The retail shop might be beleaguered in this era of convenient online shopping and free returns, but it's not dead yet. Far from it: just look at the storefronts operated by formerly online-only brands such as Bonobos, Warby Parker, and Rent the Runway.
But e-commerce has definitively changed the way people shop--and according to one Silicon Valley engineer, retailers are failing to adapt.
Most bricks-and-mortar shops are never going to be able to beat the Amazons of the world at supply chain efficiencies, says Vibhu Norby, formerly a lead engineer at the smart thermostat company Nest. So, he concludes, "the future of retail has to do with discovery and customer relations."
If you're wondering what exactly that means, then step right into b8ta, Norby's Palo Alto-based shop that sells Internet-of-Things gadgets. B8ta is designed to be one big showroom where customers can play with high-tech gadgets and ask questions about how they work to employees that don't work on commission. Instead of trying to eke out a profit from thin product margins, the company instead makes money by selling manufacturers monthly "subscriptions" to display spots.
"Retailers operate on super thin margins. Selling space to manufacturers has to be done--space and staffing are expensive," he says.
And what if shoppers just want to try something out but don't want to buy it in the store?
"Showrooming is a good thing for us--that's why manufacturers pay subscriber fees," Norby says. Shoppers can buy the products in stores, but iPad displays, which can be updated remotely by product companies, offer price comparisons from other retailers such as Amazon.
The big value proposition for these companies, besides the fact that they keep 100 percent of sales made, is the data b8ta collects from consumers' interactions with the products. "We're basically like an Internet-of-Things store," Norby says. One hundred and fifty cameras capture how long shoppers stop in front of each product and their path through the store, while the iPads track the colors and styles that shoppers click on.
"Physical stores have always been somewhat of a black box, in comparison to all the data e-commerce sites can collect on individual visitors," says Zoe Leavitt, a tech analyst at CB Insights. "Now, with new tools like foot traffic sensors, machine vision, wi-fi tracking, and artificial intelligence for analytics, manufacturers can start to make sense of how customers are interacting with their products on the shelves in the physical world."
Doug Bieter, head of sales for eero, maker of a home wi-fi system, says renting b8ta space has yielded merchandising insights the company might not have learned otherwise. For instance, because the company can track exactly how long someone stands in front of an eero display, they now know that a four-minute explainer video is too long.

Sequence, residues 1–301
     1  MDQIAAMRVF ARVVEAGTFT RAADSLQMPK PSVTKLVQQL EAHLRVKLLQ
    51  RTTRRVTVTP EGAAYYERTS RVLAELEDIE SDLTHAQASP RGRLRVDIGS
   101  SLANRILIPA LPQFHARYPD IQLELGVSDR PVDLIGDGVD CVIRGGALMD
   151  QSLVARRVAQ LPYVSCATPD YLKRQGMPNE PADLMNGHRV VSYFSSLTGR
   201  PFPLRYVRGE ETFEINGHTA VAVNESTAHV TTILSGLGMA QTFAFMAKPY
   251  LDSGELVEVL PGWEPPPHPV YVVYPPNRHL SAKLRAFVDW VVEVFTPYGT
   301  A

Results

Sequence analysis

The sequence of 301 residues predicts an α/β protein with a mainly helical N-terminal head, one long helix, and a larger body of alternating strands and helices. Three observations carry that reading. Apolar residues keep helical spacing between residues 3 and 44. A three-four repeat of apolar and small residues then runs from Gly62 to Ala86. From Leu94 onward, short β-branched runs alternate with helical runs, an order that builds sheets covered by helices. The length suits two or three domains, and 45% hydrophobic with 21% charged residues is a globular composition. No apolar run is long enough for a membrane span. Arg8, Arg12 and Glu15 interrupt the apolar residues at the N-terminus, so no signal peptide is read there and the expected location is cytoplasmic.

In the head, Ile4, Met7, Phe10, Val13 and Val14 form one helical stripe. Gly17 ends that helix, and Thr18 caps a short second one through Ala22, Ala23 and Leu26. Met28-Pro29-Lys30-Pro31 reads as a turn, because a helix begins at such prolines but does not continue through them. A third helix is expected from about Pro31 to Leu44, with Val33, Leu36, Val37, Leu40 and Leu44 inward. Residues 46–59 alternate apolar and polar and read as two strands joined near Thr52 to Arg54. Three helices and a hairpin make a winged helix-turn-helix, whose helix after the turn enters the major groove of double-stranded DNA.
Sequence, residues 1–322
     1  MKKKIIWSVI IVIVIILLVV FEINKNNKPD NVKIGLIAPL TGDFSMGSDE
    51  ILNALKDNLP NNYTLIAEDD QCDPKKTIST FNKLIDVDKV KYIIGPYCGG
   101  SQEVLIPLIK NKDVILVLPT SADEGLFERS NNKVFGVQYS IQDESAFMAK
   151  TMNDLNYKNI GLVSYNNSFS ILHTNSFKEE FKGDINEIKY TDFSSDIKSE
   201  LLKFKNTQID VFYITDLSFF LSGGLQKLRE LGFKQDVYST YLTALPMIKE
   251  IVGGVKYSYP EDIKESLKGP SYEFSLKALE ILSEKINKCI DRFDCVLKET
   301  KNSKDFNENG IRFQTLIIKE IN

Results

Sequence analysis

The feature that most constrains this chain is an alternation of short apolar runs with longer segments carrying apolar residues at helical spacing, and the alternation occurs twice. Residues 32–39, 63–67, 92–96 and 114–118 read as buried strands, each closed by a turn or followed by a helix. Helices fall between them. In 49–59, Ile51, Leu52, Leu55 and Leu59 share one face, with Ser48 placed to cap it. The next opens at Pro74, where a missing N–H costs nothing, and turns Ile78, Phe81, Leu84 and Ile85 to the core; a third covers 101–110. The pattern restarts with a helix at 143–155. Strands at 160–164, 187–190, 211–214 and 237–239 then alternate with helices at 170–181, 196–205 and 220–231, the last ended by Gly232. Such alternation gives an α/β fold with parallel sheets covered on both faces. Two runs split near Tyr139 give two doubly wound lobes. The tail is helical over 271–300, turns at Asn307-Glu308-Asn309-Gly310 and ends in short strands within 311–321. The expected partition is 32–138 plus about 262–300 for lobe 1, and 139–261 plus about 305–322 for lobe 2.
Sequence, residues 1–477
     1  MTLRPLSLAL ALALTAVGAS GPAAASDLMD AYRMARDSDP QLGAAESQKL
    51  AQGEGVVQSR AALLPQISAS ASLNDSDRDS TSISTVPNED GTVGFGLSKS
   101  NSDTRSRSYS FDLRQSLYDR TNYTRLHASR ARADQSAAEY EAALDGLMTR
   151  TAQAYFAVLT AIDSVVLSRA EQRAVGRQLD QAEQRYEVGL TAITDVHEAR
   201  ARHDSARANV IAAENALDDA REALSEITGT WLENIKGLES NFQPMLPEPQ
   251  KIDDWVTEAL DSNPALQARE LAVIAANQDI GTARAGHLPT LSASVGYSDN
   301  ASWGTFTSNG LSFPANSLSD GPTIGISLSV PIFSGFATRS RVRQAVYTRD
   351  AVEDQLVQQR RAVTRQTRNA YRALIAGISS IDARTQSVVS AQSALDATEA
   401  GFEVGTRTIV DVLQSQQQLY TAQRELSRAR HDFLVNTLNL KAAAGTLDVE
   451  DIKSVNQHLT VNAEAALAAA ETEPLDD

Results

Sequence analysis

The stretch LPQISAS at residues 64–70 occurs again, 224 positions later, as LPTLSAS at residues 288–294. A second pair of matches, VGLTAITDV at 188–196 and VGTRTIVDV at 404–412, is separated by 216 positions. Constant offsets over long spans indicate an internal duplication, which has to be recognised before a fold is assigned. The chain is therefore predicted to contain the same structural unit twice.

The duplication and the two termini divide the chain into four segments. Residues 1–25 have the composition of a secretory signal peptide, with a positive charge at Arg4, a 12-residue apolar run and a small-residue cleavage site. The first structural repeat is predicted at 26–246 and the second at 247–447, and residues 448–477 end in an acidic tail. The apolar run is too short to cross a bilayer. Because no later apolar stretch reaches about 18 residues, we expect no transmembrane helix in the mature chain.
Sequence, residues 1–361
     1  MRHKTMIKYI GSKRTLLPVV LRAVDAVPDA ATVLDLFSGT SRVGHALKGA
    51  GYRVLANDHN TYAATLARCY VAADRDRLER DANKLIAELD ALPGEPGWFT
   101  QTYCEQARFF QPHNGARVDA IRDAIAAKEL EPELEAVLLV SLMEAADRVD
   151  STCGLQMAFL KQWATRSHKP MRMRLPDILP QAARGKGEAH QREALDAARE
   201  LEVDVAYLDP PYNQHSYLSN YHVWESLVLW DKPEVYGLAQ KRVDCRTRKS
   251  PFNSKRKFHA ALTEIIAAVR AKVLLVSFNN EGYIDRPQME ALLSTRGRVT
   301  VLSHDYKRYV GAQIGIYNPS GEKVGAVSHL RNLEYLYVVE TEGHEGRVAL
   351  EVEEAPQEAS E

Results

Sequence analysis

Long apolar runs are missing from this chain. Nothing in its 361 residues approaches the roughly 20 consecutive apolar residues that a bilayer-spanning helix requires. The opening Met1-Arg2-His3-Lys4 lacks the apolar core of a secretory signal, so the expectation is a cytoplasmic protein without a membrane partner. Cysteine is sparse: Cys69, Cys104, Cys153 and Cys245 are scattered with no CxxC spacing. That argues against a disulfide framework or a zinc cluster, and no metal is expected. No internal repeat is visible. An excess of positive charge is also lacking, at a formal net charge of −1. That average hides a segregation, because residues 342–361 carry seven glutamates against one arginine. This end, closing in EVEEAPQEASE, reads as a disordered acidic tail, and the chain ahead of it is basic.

If b8ta is really going to prove that this alternate retail business model works, it's going to have to expand quickly enough--without burning through too much cash--to become a meaningful retail presence for manufacturers outside of a tech enclave.
B8ta's second location was slated to open in early December in the high-end Santa Monica Place shopping center in the Los Angeles area. Just a few weeks before the biggest gift-giving bonanza of the year, the launch hit a snag: with one week left before the opening, the massive sliding glass doors for the entrance still hadn't been delivered. The b8ta team scrambled to secure a temporary space just several storefronts away in the same mall. Problem solved, and only a week behind schedule.
Faced with a similar delay, most retailers still would have been a nervous wreck. That's precious lost time for driving the all-important holidays sales that can make or break a store's year. But Norby uses the situation to point out what he thinks is the beauty of his retail model.
"Seasonality doesn't matter that much for b8ta's business model," he says, though he acknowledges that "for vendors this is the most interesting time of year."
The weekend b8ta opened in Santa Monica, about 1,000 people came into the store. (A slow day at b8ta might bring in a couple hundred visitors.) Not everyone buys something but shoppers typically interact with more than half of the products. That's valuable, Norby argues, and perhaps the best way forward for retailers. B8ta won't disclose how much manufacturers pay for placement but did say it varies based on each store's location (the Santa Monia store is higher based on traffic patterns).
The ever-changing roster of products fall into four categories: home, sense (wearables and virtual reality/augmented reality), play (robots and tech toys), and move (transportation-related items). The Santa Monica store is heavier on the last two categories, a reflection of the kind of consumers who frequent the area. Pepper the robot was manning the entrance of the store on a recent Monday and other items like a smart oven and an electric bike were on display.
B8ta, which has raised $19.5 million in venture capital to date, opened a third store in Seattle in December and operates mini stores focused on smart home products inside three California Lowe's stores. It's a pretty small sample size so far, but Norby seems unconcerned. He won't get into expansion specifics but says b8ta will be in "most cities" within a couple years and that the new locations won't be all electronics. "People will be surprised what categories we get into," he says.